Sample and recruitment. We recruited a pur- posive sample of nurses who had experienced the evacuation based on practice area (cardiology, pediatrics, obstetrics, neonatology, oncology, general medicine, orthopedics), nursing experience (a range of less than 1 year to 20 years, with more nurses having 1 to 3 years of experience), and organizational role (staff nurse, nurse manager) in the disaster. We used text, e-mail, and phone to contact nurses and invite them to partic- ipate in a 1-hr interview to explore their experiences during and after Hurricane Sandy. Sixteen of the 20 nurses contacted agreed to participate (response rate 80%). Of those, 12 held staff nurse positions and 4 held management positions.
Data collection. Experienced qualitative inter- viewers (N.V. and V.H.R.) conducted 1-hr interviews with participants in a private setting between April and June 2013. We assured participants that no individual identifiers would be collected, that the interview would be audio-taped to insure the accuracy of the data, and
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immediately after the transcription of the interview the audiotape would be destroyed. We gave participants an information sheet describing the study and contact information for the principal investigator (N.V.) and the New York University School of Medicine Institutional Review Board. Participants verbally agreed to participate.
Measures. The interview guide contained questions about professional background and role at NYULMC and potential challenges and resources for nurses during the evacuation, including emergency preparedness training experience prior to the hurricane, familiarly with hospi- tal disaster policies and procedures, role in the disaster, communication and leadership during the disaster, and personal evacuation experience. To develop the interview guide, we drew on the extant disaster literature and in- formation from a small group of NYULMC nurses with disaster experience.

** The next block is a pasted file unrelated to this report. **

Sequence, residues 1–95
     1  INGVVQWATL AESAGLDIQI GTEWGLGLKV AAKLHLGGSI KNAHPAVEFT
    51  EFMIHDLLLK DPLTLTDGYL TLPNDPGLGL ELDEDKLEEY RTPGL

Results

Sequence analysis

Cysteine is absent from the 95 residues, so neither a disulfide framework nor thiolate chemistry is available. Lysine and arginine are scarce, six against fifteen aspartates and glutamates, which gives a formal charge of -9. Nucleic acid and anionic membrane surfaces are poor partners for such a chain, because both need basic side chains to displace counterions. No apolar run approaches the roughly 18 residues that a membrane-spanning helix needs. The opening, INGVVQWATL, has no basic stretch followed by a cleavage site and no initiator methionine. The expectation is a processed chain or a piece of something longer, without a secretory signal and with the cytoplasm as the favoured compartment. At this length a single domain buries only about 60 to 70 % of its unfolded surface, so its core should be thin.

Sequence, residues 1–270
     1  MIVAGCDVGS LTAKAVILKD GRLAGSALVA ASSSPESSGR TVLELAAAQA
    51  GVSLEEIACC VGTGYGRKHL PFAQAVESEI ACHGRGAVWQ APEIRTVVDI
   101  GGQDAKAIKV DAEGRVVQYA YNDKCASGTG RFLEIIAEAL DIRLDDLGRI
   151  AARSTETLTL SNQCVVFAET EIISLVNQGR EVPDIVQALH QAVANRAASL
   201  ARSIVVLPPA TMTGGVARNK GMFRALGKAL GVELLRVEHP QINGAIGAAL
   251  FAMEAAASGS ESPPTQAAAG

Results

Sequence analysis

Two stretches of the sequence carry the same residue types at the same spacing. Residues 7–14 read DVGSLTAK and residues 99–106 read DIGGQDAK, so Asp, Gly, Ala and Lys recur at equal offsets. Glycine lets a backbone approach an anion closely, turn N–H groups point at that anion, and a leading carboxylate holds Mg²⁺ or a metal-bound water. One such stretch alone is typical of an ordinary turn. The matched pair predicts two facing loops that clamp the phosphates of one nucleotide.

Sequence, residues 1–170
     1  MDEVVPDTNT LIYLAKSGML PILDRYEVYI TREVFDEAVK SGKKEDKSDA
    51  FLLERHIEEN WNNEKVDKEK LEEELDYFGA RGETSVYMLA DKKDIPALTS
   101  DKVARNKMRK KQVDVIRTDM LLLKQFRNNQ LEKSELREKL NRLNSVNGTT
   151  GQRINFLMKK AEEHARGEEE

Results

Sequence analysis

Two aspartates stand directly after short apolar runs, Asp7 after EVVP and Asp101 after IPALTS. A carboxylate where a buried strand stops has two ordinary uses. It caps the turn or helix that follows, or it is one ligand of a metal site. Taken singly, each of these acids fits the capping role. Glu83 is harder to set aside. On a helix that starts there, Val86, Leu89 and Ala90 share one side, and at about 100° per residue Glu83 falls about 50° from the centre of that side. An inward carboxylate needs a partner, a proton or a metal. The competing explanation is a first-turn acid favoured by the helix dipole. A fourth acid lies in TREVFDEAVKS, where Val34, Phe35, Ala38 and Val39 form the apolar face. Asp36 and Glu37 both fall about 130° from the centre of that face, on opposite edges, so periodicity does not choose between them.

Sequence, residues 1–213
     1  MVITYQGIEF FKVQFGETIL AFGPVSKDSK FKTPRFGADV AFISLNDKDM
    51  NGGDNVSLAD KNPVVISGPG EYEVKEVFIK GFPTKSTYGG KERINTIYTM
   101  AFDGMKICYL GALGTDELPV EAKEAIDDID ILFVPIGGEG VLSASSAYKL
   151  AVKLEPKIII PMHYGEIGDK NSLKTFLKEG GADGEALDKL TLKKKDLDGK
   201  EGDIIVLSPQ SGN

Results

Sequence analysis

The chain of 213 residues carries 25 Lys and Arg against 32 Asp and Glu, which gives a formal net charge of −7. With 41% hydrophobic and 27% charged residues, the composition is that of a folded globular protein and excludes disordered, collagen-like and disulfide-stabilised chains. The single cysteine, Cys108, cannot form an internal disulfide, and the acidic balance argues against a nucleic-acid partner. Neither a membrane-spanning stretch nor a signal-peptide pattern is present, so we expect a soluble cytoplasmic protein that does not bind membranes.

Qualitative data analysis. All interviews were transcribed verbatim. Each member of the research team read all of the transcripts initially. Two members of the research team with extensive qualitative experi- ence developed a detailed codebook using a three-step process, initially conducting open coding followed by focused coding and finally identification of major themes. Transcripts were coded and entered into ATLAS.ti 6.0 (http://atlasti.com/product/v8-windows/; ATLAS.ti Sci- entific Software Development GmbH, Chicago, IL, USA) by a trained qualitative researcher. A subset of 20% of the interviews was independently coded by a research student familiar with the study to establish interrater reliability (84%).
Phase 2. Quantitative Survey
The quantitative cross-sectional study consisted of an anonymous Internet-based survey that was conducted from July to September 2013.
Sample and recruitment. The sampling frame consisted of all registered nurses (RNs; N = 1,668) who were employed by NYULMC and worked on inpatient units on October 29, 2013. 528 of the nurses responded to the survey, for a 32% response rate. For the purposes of this analysis, only nurses that were present for the evacuation and responded to the survey were included (N = 173).
Nurses were recruited via e-mail using procedures described in the ensuing text. The confidential link to the e-mail addresses of all nurses who worked at NYULMC was obtained from the Senior Vice President and Chief Nursing Officer at the hospital. At no time
did the researchers have a list of the nurses’ e-mail addresses.
Measures. We collected information on sociodemo- graphic variables, including type of nursing education and clinical experience, potential challenges during the evacuation such as communication, leadership availabil- ity, adequacy of disaster preparedness training prior to the evacuation, and perceived threat to safety for pa- tients and nurses. We also assessed potential resources that could support nurses in their disaster and evacuation roles, such as previous disaster experience and training in disaster preparedness, support from co-workers, family, and friends, personal resourcefulness, faith, spirituality, or religion. Prior to sending out the link to the survey, the survey was pilot tested by professional nurses on the study advisory group.